Apple already had some entities and individuals in its pocket, but may have anticipated that Epic would (as it did) get a lot more support. In fact, Epic even has the Biden Administration and three dozen U.S. states on its side.

It was in early September 2021--roughly a week before the district court's decision--that Apple was first listed on CCIA's website as a member. Normally you would expect an "industry association" to welcome the industry's largest player with a press release (and possibly even throw a party). But that's not CCIA's modus operandi. It does frequently update its published member directory, and I save snapshots from time to time as part of my research. CCIA's members join as silently as they leave (Microsoft was the only exception because of a settlement that they just had to announce).

The first favor CCIA has done Apple since was an amicus curiae brief in the Epic case. CCIA was in bad company as ACT also made a submission. But that is nowadays pretty common. CCIA and ACT also cooperate on the alarmist "Save Our Standards" campaign, which I called out on making false claims about SEP issues allegedly facing small app developers (Despicably deceptive: Big Tech's Save Our Standards campaign presents small app developer as victim of standard-essential patent abuse though it NEVER had to license SEPs).

Of course, Apple is also aligned with CCIA on SEP devaluation. But when Apple joined CCIA, it had no shortage of lobbying fronts on SEP issues: ACT, FSA, and HTIA--to name but a few. What Apple really needed was another ally against Epic.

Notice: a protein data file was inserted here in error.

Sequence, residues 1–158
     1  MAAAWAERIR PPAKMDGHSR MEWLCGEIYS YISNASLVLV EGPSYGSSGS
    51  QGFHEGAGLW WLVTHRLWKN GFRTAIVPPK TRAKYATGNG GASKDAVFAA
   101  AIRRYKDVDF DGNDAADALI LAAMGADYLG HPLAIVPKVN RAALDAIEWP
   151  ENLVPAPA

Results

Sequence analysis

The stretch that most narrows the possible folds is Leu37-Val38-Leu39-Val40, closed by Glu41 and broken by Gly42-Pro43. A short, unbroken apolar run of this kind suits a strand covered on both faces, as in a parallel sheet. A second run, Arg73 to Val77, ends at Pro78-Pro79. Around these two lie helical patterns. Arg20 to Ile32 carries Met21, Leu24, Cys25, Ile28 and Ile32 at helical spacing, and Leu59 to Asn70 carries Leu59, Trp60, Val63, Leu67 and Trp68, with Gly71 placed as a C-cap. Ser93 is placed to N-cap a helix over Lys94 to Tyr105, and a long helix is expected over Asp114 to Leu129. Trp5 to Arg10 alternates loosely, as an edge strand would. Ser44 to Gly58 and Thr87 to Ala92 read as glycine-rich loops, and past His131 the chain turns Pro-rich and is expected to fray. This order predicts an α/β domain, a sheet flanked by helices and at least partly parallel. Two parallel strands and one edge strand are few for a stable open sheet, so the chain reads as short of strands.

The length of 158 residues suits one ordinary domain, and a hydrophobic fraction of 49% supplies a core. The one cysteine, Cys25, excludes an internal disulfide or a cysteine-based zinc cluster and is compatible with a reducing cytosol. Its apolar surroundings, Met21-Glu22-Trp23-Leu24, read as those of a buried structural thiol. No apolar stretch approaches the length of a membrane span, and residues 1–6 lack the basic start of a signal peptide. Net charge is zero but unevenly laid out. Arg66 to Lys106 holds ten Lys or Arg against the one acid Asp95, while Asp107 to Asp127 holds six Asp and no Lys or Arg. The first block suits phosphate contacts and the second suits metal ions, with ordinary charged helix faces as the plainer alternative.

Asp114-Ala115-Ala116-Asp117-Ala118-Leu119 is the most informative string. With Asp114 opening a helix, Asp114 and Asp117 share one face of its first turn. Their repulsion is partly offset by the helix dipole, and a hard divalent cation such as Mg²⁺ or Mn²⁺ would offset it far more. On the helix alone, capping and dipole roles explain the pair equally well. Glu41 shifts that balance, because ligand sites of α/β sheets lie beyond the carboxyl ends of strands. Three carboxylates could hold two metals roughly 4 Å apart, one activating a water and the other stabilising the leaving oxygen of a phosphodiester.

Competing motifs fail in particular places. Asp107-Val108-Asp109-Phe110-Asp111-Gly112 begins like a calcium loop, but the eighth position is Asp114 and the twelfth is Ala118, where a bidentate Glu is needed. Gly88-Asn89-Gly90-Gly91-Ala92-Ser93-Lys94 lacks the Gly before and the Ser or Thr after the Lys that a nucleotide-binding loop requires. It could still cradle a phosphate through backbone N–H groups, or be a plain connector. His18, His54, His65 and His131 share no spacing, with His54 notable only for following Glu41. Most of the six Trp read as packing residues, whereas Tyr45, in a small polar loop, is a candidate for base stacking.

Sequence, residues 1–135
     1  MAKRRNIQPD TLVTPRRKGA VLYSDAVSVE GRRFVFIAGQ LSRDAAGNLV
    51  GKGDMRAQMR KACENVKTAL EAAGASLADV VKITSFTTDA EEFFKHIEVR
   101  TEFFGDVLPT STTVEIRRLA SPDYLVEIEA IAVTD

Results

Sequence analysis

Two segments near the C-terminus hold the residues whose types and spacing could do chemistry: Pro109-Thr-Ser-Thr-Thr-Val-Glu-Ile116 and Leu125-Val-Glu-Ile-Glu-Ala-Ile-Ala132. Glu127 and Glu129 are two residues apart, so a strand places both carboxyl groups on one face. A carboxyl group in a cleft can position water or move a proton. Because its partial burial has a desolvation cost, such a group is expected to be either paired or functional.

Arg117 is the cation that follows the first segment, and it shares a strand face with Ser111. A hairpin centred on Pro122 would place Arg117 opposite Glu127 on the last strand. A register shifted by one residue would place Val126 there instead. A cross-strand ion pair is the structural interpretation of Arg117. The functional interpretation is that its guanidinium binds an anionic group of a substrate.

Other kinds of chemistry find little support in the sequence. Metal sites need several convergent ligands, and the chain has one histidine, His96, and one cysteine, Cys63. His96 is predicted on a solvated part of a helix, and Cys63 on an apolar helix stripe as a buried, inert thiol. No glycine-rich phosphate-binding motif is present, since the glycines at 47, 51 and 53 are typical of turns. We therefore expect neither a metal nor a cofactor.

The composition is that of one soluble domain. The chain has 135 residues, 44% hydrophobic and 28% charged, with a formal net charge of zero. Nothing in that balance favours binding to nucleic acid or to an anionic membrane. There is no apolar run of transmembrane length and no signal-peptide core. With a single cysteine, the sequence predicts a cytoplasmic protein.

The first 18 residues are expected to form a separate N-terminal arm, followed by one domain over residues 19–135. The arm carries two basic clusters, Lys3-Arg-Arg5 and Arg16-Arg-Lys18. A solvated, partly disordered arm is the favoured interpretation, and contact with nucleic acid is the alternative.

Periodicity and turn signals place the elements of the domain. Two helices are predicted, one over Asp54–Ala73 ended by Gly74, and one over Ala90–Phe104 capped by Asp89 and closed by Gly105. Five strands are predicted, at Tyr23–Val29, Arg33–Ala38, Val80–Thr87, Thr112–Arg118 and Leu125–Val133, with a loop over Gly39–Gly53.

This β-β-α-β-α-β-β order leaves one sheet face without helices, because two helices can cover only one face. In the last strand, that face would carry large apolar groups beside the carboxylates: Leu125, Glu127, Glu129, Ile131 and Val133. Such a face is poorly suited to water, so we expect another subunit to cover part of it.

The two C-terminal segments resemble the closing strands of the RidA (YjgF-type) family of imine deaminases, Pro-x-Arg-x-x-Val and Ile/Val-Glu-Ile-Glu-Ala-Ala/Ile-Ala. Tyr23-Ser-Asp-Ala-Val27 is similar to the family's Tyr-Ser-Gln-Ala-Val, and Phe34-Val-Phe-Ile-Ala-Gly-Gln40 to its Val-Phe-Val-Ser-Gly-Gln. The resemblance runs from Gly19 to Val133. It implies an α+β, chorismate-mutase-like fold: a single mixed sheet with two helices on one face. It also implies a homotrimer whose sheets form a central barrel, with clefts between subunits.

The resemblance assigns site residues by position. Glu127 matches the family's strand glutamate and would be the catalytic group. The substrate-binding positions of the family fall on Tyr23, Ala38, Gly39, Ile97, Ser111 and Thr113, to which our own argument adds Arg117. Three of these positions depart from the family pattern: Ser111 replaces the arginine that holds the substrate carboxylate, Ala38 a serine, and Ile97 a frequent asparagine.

Interestingly, CCIA--unlike ACT--did not even file a public interest statement in response to the USITC's request for such submissions after Ericsson's three complaints against Apple earlier this year. I do, however, anticipate that CCIA will make filings at a later stage of that dispute. CCIA's three most recent submissions to the ITC supported Google against Sonos (December 2, 2021); Apple, Samsung, and other smartphone makers against Arigna (February 28, 2022); and Apple against AliveCor (July 27, 2022).

Apple doesn't really have allies in the tech industry. There are some mutual interests with Google, but even Google is campaigning (unsuccessfully) against Apple's walled garden with respect to instant messaging. CCIA will remain silent on that one for sure. Apple does have a lot of money, though, and even claims that because it's so profitable, no import ban should issue on its products even if found to infringe Ericsson's patents.